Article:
When the tugboat peeled off into the inky darkness of the Patapsco River, more than 30 tons of ship and cargo fell into the hands of Captain Joseph B. Smith.
He was headed 51 miles up the bay, from the Toyota Terminal in Brooklyn to the Chesapeake & Delaware Canal, a channel so narrow that if you raise too much wake you can spill seawater onto somebody's lawn. Smith, of Pasadena, makes his living in places like this.
He's one of 74 Maryland bay pilots, a member of a fraternity of the night that shepherds great freighters through the state's shallow shipping lanes. Working almost always by night, Smith and his brethren stand on the unlighted bridge of one ship or another watching the radar, peering into the dark for lights of ships or buoys, steering for deepest water.
Shoes from Italy, shirts from Taiwan, cars and stereos from Japan, container ships sometimes piled so high with merchandise that the pilot cannot see the water ahead -- thousands of tons of cargo move quietly through the Chesapeake Bay, the Port of Baltimore and the canal every day. And since clipper ship days, bay pilots have guided the way.
Aside from the long and often unpredictable hours, Smith said, "I love the work . . . I've always liked ships. I like maneuvering ships."
Smith, a 44-year-old native of Long Island,N.Y., who lives on Stately Drive with his wife and three children, has been on this job since 1977, since he left the Merchant Marine forwork more suited to a stable family life. It took him six years withthe Association of Maryland Pilots to work up to a full share in thebusiness, meaning he earns $80,000 to $100,000 a year, depending on shipping traffic.
The association gets paid per trip by the shipping companies, pools the money and distributes it among the members, each of whom makes about 100 trips a year. Their services are requiredby state law, which says that all foreign ships must be guided through inland waters by a state-licensed pilot.
On a recent Friday evening, Smith took charge of a 600-foot Norwegian-registered car carrier, the Troll Forest. The ship left Kawasaki, Japan on Nov. 7. After delivering 94 cars to Jacksonville, Fla., it dropped 752 cars in Baltimore and was due in Boston with 1,355 cars the following Sunday.
To look at Smith, you'd never know he was about to take command of a freighter. Dressed in a tweed jacket and dark slacks, striped shirt and tie under a parka, he looked ready for a day at the insurance office. Nevertheless, he climbed the steep gangway up the 60-foot sheer wall that is the hull of the Troll Forest. He walked another flight of stairs, crossed the breezy deck to the bridge. Once the tugboat got the ship clear of the pier, the ship was his.
Capt. Arne Rinnan, who had taken the Troll Forest across the Pacific and up the Atlantic coast, would now stand back and play the gregarious host. During the course of the night, he offered fresh coffee in china cups, sandwichesand Danish cookies.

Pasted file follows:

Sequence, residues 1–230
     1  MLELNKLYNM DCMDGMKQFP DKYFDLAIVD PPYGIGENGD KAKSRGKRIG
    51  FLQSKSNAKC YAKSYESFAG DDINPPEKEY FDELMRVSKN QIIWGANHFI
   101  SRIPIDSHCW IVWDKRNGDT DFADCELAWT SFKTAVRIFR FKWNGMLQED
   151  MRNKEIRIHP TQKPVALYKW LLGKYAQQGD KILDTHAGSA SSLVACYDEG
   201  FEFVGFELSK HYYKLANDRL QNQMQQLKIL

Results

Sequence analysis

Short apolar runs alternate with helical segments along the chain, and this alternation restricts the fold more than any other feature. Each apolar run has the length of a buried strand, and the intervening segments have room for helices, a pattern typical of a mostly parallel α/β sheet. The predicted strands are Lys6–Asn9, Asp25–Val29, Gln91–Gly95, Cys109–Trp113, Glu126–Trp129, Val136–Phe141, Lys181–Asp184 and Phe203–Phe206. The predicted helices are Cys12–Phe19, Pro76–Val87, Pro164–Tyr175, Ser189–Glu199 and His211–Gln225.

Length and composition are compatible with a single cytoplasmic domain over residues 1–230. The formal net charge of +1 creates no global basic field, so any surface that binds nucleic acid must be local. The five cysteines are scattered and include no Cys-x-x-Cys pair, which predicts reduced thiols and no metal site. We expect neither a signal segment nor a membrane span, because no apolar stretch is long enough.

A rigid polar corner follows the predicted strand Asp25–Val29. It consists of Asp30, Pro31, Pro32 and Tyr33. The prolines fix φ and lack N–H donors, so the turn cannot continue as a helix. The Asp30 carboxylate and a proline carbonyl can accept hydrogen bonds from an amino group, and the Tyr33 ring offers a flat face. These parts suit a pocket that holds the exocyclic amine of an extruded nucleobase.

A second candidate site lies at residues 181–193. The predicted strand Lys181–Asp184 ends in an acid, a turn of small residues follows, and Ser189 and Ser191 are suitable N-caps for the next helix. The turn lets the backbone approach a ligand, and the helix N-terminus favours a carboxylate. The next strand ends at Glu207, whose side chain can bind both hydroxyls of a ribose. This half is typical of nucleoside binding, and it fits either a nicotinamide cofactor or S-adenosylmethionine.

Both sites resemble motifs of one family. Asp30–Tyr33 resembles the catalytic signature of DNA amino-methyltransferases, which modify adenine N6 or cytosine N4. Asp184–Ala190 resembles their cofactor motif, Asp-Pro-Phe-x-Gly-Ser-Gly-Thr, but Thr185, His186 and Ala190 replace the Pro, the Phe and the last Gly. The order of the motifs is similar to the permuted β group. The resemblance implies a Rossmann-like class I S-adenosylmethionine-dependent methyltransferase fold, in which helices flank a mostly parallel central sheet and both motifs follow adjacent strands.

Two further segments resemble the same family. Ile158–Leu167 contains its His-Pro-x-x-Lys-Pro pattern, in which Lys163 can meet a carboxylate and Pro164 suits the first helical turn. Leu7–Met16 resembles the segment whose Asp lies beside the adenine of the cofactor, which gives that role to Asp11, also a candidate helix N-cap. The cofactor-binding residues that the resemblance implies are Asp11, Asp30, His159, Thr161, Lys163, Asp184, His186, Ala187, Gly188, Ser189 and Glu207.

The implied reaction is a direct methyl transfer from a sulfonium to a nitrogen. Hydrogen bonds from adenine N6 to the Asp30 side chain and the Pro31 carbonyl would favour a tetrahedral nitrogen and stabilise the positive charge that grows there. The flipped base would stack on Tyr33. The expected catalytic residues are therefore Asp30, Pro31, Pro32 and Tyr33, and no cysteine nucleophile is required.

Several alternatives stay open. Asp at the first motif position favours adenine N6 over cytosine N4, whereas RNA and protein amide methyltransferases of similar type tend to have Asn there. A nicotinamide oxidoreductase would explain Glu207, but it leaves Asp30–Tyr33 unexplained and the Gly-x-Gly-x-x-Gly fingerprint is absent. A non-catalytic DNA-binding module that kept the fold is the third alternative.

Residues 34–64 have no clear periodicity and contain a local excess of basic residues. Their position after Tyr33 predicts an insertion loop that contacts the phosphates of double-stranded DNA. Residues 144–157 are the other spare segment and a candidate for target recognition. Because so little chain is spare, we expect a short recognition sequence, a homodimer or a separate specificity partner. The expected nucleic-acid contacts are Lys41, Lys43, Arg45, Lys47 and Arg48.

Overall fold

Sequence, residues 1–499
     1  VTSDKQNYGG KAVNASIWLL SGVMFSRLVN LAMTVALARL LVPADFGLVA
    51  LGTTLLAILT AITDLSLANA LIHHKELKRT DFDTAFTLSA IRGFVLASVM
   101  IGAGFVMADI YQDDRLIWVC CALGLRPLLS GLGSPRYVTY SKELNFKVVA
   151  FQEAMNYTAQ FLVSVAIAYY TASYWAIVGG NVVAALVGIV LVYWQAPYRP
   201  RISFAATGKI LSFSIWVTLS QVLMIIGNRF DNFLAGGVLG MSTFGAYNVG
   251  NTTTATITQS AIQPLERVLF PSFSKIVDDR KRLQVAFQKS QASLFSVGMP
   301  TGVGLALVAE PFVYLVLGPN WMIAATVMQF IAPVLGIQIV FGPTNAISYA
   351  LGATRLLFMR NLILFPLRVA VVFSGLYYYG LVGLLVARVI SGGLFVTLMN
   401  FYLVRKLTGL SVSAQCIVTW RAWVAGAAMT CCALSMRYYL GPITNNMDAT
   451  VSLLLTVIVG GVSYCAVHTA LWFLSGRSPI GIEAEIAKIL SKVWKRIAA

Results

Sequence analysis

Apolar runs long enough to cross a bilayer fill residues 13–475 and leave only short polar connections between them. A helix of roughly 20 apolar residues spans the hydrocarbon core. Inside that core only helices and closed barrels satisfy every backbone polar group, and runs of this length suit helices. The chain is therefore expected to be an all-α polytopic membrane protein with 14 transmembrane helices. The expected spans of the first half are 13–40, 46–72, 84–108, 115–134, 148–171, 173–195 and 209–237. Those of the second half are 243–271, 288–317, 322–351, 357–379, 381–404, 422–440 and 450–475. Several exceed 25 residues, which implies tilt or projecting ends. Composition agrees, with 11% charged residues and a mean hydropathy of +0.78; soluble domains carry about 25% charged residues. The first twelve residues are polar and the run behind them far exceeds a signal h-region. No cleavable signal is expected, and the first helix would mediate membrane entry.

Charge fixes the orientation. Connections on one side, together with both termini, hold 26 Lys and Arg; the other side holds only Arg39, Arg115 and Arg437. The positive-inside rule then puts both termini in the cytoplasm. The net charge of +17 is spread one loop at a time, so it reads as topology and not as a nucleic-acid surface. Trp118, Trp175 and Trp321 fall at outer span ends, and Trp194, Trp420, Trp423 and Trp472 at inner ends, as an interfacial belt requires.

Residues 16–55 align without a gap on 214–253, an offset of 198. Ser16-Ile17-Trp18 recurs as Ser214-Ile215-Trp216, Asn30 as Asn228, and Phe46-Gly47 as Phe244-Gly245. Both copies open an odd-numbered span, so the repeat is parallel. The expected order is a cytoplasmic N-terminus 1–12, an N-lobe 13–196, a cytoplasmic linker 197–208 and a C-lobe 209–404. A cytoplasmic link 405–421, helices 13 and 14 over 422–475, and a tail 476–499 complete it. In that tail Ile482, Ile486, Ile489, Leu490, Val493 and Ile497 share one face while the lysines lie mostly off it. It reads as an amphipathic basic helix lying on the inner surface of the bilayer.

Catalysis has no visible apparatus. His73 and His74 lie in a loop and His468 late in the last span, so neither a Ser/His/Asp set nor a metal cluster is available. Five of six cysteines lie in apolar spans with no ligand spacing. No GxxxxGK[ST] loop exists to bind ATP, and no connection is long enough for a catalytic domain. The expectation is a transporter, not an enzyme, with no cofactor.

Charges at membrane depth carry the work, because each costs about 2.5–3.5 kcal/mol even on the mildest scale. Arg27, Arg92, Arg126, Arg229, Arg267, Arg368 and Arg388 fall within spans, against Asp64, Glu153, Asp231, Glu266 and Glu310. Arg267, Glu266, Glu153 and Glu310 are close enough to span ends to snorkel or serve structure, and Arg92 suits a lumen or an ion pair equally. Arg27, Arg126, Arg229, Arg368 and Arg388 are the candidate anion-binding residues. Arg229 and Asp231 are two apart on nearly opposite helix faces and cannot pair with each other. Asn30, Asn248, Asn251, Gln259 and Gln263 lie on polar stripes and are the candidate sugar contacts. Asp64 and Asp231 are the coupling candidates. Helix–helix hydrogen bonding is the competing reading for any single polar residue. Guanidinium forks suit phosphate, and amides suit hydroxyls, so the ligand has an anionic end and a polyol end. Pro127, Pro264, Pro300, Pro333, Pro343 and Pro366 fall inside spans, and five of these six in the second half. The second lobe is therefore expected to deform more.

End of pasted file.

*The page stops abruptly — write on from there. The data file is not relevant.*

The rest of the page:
It isn't always so pleasant, said Smith. Sometimes the crew speaks little English, sometimes the ship is old, poorly maintained or infested with bugs. The Troll Forest was a lucky draw.
And conditions were fine for the next leg of its journey, aboutfour hours to Chesapeake City, where Smith would hand the freighter off to a Delaware pilot about five miles into the C&D. There was no rain, no fog, and most important, no wind. In his 15 years as a pilot,Smith has worked in all weather, in fog so dense he couldn't see theship's bow, in water thick with ice floes that wiped the buoys off the radar.
"Wind is the worst, worse than fog," Smith said, becausethe pilot has to keep steering against it to keep the ship on course, away from the shallows. Grounding a ship can not only damage it, but can also mean a reprimand or suspension for the pilot.
It's beenfive years since a Maryland pilot was disciplined, said Smith, who sits on a nine-member state board that oversees the work of the Association of Maryland Pilots.
Smith has never grounded a ship, never even grazed a buoy. He has been the subject of complaints from the woman who once lived along the C&D Canal, but who hasn't? For her frequent accusations about ships passing too close to her property on the canal's north shore, the woman became a legend among the pilots.
AsSmith remembered it, the low point of his dealings with the canal lady -- whom Smith declined to name -- came on an evening when a storm surge had raised the water three feet above normal. He brought a 950-foot freighter through, passing about 200 feet from her backyard. He had dropped the speed as much as he could, but not enough to keep thewake from rolling water onto her lawn, which she was mowing at the time.
"It put out her gas-powered mower," said Smith. "It's just anunusual set of circumstances. You try to go through without doing any damage. It can be difficult."